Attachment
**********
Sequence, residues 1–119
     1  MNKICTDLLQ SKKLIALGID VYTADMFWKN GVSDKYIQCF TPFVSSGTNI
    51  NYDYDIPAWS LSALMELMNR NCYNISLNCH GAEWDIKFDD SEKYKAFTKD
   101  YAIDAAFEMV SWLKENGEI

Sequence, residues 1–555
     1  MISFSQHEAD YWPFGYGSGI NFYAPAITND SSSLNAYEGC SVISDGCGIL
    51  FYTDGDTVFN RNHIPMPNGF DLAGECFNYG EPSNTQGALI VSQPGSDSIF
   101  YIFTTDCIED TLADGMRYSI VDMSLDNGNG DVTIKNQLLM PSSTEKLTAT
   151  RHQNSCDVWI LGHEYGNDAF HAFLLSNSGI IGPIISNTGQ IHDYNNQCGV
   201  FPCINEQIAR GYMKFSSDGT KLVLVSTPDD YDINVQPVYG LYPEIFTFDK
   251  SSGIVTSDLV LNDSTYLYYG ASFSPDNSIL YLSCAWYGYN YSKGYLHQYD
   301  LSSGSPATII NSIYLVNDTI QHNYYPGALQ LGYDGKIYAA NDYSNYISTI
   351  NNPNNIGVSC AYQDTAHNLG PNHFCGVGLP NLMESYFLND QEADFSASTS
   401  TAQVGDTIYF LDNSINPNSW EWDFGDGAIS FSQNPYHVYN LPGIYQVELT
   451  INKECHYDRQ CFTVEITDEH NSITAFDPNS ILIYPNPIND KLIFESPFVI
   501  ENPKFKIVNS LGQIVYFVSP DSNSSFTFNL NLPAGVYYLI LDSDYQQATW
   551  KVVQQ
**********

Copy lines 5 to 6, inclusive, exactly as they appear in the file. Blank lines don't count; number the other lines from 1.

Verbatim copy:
Sequence, residues 1–555
     1  MISFSQHEAD YWPFGYGSGI NFYAPAITND SSSLNAYEGC SVISDGCGIL